Thoughts on Preparing Candidates for the Cambridge English Exams Speaking and Writing Papers

(Reading time: 7 - 13 minutes)

We are three months from the next exam and nine months from the one after that. I am often asked by teachers given the proximity of exam day what the right balance between exam practice and general language and skills development work should be. What I suspect lies behind this question is that teachers know that learners will keenly set about anything in this period given an exam practice label – keen as they are to see how close they are to getting over the line or achieving their target goal – but teachers know for sound pedagogic reasons and probably from years of experience that slavish exam practice does not make perfect and, that there must be more effective ways to optimise learning before taking the test.  In this article, we will outline a broader framework for channelling teacher and learner energies in exam preparation classes.

Bob Obee, Professional Support Leader Cambridge Exams SE Europe

Our focus here too is the productive papers: Speaking and Writing -which more than the receptive papers- when ready on-the-page processes and means of managing outcomes seem at hand, give teachers pause to think about effective preparation strategies. There are practical and time constraints in giving individual pairs of learners, quality Speaking test practice time, and similar limitations to the extent that teachers can set individual writing task plans and provide qualitative feedback for individual learners on their writing. These practical obstacles can make quick-fix solutions such as giving ‘useful phrases’ lists for candidates to use in the different parts of the Speaking Test or for different task types in the Writing paper seem attractive. Again, however, making optimum use of learning time available involves taking a broader strategic view and one that embraces the range of assessment criteria relating to each paper.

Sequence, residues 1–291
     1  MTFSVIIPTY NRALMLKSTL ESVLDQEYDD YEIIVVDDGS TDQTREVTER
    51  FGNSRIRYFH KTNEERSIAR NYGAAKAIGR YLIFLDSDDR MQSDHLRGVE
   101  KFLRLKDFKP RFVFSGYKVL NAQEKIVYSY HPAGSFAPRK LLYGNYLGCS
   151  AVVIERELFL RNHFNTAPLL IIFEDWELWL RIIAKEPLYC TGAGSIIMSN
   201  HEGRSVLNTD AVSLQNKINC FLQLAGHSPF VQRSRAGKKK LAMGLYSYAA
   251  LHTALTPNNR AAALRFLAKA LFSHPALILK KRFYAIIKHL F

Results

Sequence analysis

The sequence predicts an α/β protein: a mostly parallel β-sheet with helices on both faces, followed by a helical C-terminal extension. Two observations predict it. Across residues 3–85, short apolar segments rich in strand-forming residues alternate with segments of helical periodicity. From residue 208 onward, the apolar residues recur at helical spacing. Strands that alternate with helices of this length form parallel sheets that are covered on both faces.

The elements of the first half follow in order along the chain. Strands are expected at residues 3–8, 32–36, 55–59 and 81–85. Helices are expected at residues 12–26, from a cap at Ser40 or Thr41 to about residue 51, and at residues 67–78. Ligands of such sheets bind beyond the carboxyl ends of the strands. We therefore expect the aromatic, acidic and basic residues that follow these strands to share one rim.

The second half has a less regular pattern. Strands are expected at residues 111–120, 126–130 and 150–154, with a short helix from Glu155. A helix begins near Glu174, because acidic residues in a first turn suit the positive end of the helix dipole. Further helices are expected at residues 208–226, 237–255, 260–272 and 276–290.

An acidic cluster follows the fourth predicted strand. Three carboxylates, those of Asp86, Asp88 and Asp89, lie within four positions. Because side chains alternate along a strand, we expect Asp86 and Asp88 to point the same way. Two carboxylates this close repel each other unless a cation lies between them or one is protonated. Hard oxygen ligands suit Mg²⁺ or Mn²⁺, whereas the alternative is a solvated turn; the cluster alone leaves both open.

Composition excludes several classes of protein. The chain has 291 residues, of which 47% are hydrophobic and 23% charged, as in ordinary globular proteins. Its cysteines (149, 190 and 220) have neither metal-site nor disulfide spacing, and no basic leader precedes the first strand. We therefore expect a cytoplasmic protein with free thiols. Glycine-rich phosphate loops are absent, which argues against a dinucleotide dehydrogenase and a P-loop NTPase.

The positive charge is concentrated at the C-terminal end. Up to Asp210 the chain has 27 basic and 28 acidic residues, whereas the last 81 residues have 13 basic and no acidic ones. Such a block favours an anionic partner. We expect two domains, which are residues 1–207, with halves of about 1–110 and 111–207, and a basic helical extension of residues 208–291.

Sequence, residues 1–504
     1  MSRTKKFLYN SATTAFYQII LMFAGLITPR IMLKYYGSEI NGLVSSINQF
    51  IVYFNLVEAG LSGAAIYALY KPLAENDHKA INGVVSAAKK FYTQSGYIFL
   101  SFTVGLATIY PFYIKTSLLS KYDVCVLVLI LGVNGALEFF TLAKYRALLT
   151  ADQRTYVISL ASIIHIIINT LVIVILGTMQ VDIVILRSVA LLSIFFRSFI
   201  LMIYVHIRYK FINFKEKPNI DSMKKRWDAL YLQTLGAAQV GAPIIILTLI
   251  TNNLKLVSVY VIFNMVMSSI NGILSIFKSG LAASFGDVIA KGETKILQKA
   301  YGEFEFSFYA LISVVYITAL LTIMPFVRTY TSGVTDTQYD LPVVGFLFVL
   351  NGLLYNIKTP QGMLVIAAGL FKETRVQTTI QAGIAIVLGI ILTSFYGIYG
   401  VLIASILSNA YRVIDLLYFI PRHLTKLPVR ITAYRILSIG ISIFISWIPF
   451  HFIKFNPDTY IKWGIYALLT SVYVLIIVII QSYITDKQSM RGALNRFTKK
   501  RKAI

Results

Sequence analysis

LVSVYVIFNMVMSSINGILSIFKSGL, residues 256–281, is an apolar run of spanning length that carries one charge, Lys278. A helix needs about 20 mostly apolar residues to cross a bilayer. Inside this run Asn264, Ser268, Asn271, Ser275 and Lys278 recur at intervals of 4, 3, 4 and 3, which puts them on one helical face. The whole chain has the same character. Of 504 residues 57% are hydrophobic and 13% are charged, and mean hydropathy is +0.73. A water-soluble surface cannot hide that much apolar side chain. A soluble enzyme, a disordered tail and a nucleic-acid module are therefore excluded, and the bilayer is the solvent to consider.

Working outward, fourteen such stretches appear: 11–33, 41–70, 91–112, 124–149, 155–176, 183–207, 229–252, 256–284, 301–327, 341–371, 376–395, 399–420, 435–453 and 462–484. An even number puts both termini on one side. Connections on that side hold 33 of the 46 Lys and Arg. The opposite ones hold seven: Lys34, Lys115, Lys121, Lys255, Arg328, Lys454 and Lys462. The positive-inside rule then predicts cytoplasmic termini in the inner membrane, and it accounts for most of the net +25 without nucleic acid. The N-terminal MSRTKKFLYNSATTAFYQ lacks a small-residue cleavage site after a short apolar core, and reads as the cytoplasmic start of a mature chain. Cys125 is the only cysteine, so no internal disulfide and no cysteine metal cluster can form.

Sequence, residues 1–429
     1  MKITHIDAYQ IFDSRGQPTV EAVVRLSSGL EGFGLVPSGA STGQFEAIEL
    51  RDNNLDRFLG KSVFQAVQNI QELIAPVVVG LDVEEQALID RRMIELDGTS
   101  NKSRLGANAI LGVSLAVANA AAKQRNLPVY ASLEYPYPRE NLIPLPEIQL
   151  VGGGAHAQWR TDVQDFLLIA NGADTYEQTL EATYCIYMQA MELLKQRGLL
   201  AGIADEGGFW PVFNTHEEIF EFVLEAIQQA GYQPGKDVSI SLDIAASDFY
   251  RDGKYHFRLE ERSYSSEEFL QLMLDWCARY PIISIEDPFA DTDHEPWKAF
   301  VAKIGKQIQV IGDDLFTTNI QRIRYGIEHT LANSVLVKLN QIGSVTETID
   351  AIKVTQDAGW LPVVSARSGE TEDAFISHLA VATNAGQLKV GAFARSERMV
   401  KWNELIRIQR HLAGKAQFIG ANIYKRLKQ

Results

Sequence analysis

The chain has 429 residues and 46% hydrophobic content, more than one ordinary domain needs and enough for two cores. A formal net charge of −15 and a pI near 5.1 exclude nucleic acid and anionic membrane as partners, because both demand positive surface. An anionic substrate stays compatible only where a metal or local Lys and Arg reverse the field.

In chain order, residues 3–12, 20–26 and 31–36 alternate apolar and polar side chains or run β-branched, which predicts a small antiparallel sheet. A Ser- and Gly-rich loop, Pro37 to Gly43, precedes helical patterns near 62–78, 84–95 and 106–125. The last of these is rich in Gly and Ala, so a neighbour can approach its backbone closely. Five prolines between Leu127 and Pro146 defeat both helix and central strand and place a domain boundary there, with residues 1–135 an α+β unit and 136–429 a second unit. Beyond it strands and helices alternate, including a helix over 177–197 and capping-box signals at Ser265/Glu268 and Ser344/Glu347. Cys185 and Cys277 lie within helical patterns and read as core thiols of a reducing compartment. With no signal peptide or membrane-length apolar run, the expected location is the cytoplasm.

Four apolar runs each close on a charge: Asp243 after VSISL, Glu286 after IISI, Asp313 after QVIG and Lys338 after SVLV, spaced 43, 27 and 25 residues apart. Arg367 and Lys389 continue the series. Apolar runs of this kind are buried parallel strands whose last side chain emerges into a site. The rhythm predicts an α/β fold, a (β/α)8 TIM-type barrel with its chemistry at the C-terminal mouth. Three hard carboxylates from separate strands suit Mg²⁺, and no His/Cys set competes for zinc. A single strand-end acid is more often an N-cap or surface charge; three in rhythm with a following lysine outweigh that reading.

So, how can we envision an exam preparation teaching framework that makes the most of the limited time available to us? Well, for me, it involves three distinct types of activity:
- purposeful and well-targeted exam practice
- exam training
- exam awareness- raising  
with the middle category [exam training] giving us the most scope to engage with more generic language and skills development work too. Below, we will sketch what each distinct type of classroom activity looks like, giving practical suggestions for Cambridge English: First for Schools and Cambridge English: Proficiency – with reference to Cambridge English: Advanced - along the way and hope to highlight that keeping the distinction between the three types of target lesson activity clearly in mind is vital for teachers to ensure the right blend and prioritisation of focuses in readying learners with different needs for the exam.  

Exam Practice

When selecting exam practice material to use in class, teachers are keenly aware of a need to choose exam practice material that is authentic and  rightly so. They require that test material reflect the full specification of the test in terms of target skill focus, task or question focus, range of item difficulty as well as more prosaic features such as exact rubrics, text lengths and timings. Authenticity in this sense is important. But just because material is presented like it is in the test does not mean that doing it like a test is the best way to prepare candidates or nurture the skills for success in the relevant exam. Let’s take, for example, the First for schools Speaking Test. This is a test made up of four parts, each one involving a different type of interaction pattern and designed to elicit different types of discourse. Practising all four parts of the test together all the time, does not allow teachers and learners to focus in depth on particular strategies for performing successfully in the different parts of the test. Strategies that learners need to work on, for example, to do well in Part 1 include:
giving effective short answers
consider how much more learners set themselves up to ‘expand’,  if rather than answer with a perfunctory ‘yes’ or ‘no’ their opening take on a question is something like: ‘it depends’ or ‘not as much as I’d like’..  
expanding effectively on short answers
Consider how much more candidates give themselves to say if they give an answer both from their perspective  and the perspective of someone else e.g. their parents, sibling, teacher etc…
      ‘My parents would probably say ….. but I …
- referring to your partner’s answers in your own answers..
consider how much more effective it is to answer a question taking into account what has been heard before in the discourse rather than  ignoring it…
I’m not as keen as Georgios but ….
Practising even just one of such strategies could easily take up a whole lesson so teachers need to use authentic exam material to focus on and practice something in a targeted way.